Wednesday’s finale of Hulu’s hard-to-watch, harder-to-look-away-from The Act took us back to the fateful night that Gypsy’s plan to do away with her mother was, er, executed. Did you think the episode was killer? Before you grade it, let’s review the evidence.
‘I’LL PROTECT YOU, AND YOU PROTECT ME’ | After “Free” began with a flashback to 1997 during which Dee Dee suggested that, while sleeping rough, Gypsy look at the stars, not the Spanish moss that she mistook for ghosts, we returned to 2015 for her and Nick’s arraignment. Though Gypsy pled not guilty, she was rattled by the possibility that, if convicted of first-degree murder, she could face the death penalty. Poor, simple Nick, on the other hand, wasn’t worried at all, not so long as the two of them stuck together like Bonnie and Clyde. “What happened to Bonnie and Clyde in the end?” asked Gypsy. Alas, Nick didn’t know. “They wouldn’t really do it, would they?” Gypsy later asked her lawyer. “Execute me?” They might, the public defender replied, unless Gypsy could sway public opinion by appearing sympathetic. And, though the defendant was certainly used to putting on a show, she wasn’t willing to contact her father for help obtaining the telltale medical records that Dee Dee’s power of attorney had made impossible to access. “I don’t have a dad,” Gypsy insisted. She’d had a mother. “I know that she did bad things, but she cared about me. And she loved me, at least. He didn’t.” In that case, the lawyer basically said, Gypsy had better begin wrapping her head around the likelihood that the state of Missouri was going to reunite her with Dee Dee.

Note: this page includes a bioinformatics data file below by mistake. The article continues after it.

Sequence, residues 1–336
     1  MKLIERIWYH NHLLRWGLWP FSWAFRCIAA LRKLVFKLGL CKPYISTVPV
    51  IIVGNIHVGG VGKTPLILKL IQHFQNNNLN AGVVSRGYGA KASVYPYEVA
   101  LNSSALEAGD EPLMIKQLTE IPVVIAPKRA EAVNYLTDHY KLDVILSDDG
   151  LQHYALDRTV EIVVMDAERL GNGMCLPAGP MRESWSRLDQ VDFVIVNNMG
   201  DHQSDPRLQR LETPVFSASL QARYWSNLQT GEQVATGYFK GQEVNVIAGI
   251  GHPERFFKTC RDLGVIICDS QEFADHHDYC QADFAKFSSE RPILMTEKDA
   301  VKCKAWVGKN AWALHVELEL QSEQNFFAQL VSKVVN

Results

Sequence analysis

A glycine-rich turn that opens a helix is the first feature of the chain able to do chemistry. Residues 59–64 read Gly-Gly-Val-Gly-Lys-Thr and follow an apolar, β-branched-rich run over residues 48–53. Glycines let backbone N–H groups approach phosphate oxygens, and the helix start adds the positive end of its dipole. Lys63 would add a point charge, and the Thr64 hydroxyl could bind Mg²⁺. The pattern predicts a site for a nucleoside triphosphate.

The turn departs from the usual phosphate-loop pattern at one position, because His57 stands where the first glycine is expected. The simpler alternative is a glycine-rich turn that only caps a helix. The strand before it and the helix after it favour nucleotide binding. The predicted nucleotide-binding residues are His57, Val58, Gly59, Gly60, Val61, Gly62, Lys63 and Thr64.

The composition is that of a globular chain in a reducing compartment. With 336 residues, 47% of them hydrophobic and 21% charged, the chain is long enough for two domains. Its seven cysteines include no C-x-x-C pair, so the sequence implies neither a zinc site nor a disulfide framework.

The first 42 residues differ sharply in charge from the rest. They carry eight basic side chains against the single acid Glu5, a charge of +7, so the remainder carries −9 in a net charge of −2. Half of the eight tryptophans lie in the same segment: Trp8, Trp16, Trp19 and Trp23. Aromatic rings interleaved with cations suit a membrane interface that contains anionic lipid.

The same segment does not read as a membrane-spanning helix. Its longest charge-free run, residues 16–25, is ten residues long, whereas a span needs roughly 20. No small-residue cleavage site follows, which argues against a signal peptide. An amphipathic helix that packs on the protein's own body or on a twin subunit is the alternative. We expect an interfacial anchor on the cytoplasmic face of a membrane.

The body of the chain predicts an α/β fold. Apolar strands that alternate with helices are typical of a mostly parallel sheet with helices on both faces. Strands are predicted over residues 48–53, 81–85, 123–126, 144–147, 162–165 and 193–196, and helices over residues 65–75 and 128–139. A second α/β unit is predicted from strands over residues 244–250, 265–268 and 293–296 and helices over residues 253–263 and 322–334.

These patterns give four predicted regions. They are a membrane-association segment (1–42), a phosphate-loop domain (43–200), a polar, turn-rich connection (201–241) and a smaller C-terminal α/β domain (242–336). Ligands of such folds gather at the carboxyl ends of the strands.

‘YOU’RE ONE OF THE HEALTHIEST PEOPLE IN HERE’ | Following a visit with the prison doctor, who marveled that Gypsy was one of the few inmates who’d ever gained weight behind bars, she and Nick locked eyes across the yard. He still appeared to be happy as a clam; it was like he was at summer camp, not doing time. And he was excited to tell Gypsy he’d found out what happened to Bonnie and Clyde: They’d stuck together just like he and Gypsy were going to, and died. Gypsy was quick to note that dying wasn’t on her wish list. “But we’ll stick together, though, right?” asked Nick. “That’s why I saved you.” Luckily for Gypsy, he was pulled away by a guard before she had to admit, “Yeah, about that… ” Back inside, Gypsy called Lacey, who was on the fence about paying her a visit, and then, reluctantly, her father. “I know that you don’t even know me, but… ” she began. She had to ask him “one little tiny favor.” Back in Dee Dee and Gypsy’s old neighborhood, sentiment was decidedly anti-Gypsy. As movers packed up the Blanchards’ belongings, one fella at Mel’s cookout cracked, “If you ask me, she deserves the chair, and I don’t mean no damn wheelchair!” While Lacey might not have been eager to visit Gypsy, she was nonetheless uncomfortable with all the smack talk. Her mom didn’t get it. Gypsy and Dee Dee were “emotional vampires, sucking people dry,” snapped Mel before rushing across the street to retrieve a blender she’d loaned the deceased before it was hauled off.